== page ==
Though she is still relatively fresh and new to drag, she says her life has completely changed because of it - and in ways she never could have expected.
“I never thought drag would be quite as powerful,” she said. “Drag has changed my life in so many ways… my gender has come full circle because of drag.”
Drag was her first opportunity to step out and present herself as a woman. It was also one of her first experiences when others viewed her as a woman.
“That was such a moment for me, to have people constantly saying she,” grinned Feistmantl. “There’s a difference between when someone thinks you’re a boy, and when someone thinks you’re a girl. You’re socialized differently - entirely - and I learned that doing drag.”
It’s a long explorative journey. Feistmantl is still playing around with pronouns, and is still having discoveries about her identity - but she is absolutely loving the process.
“It’s cute”, she added.
Having the ability to parse through the many layers of your identity while combating the heteronormative binary mindedness of society is truly awe-inspiring. It surely is a feat that does not receive the right amount of adulation that it should, especially for those like Brandy and Feistmantl who are able to do so while entrenched in a performative art that was traditionally intended for opposite genders to poke fun at the other’s stereotypes.
Perhaps RuPaul’s Drag Race, and its host RuPaul Andre Charles, contributes to this problem. For those of you who aren’t aware, RuPaul’s Drag Race is a competitive reality show in search for America’s next drag queen superstar. RuPaul is a legend in the world of drag, who has been in performing drag back when the club kid scene was still thriving. As a black gay man, RuPaul has had his fair share of discrimination and hardships, and so to be a drag queen during that time and become the powerhouse that he is today, cements his status as a true icon and role model for drag queens.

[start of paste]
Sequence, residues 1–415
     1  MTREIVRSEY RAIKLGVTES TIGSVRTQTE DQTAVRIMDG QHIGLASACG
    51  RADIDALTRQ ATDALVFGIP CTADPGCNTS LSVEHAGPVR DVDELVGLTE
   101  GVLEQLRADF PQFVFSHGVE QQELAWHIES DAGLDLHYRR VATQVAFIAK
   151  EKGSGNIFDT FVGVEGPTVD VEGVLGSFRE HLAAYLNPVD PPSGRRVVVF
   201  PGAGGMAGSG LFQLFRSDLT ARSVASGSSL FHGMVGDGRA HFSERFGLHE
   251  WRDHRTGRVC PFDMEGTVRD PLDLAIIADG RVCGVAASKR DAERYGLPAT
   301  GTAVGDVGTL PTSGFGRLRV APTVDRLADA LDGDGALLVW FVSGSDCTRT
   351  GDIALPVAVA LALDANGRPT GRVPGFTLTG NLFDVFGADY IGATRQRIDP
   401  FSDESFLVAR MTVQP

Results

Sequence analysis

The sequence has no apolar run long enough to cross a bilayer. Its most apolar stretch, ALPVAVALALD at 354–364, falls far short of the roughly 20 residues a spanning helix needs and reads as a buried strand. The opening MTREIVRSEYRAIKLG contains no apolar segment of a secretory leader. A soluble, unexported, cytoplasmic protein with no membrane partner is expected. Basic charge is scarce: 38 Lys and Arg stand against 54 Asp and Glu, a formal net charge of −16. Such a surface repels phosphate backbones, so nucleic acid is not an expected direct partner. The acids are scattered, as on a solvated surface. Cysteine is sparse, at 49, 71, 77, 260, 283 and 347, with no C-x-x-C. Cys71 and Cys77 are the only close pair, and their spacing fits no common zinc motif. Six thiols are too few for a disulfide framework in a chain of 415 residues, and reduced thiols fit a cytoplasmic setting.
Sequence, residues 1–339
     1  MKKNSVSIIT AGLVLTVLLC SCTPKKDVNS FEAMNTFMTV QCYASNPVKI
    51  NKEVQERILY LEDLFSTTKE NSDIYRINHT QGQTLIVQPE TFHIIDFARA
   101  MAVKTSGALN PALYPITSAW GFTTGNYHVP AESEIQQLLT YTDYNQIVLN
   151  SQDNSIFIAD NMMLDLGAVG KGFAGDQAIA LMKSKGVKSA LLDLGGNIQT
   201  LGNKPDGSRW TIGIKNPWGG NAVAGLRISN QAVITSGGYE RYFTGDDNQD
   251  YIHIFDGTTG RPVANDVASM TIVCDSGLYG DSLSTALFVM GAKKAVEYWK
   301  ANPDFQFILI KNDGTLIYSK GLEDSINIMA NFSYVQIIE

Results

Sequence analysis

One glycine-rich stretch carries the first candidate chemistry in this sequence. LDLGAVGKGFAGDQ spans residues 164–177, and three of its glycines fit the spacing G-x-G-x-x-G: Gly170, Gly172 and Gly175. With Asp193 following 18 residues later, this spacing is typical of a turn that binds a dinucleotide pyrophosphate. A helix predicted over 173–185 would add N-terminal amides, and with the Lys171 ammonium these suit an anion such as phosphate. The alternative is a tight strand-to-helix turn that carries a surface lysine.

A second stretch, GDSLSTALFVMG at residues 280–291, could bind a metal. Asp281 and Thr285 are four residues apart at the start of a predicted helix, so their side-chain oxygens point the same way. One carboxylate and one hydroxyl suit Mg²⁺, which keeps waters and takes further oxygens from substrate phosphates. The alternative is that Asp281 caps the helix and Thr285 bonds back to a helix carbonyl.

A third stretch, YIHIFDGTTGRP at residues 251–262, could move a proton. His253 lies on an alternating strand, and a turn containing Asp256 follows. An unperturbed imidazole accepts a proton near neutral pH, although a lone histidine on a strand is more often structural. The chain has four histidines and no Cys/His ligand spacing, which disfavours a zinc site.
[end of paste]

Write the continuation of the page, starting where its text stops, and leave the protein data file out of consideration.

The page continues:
Though he is the proverbial beacon of hope for the drag queen community, and should continue to be so, for having brought drag queen culture to mainstream media (and have it applauded and celebrated, too) RuPaul’s Drag Race showcases only a fraction of the kind of drag that is out there. Most of the competitors are pageant girls or campy girls (campy, meaning the traditional, over-the-top drag you would see from older queens.) But, since drag is a performative art, everyone will have different ideas of how they should present themselves, and the show should work on having proper representation. Especially since his fan-base - which is largely white, cisgender gay male and cisgender female audience - tends to compare the queens on television to their local queens.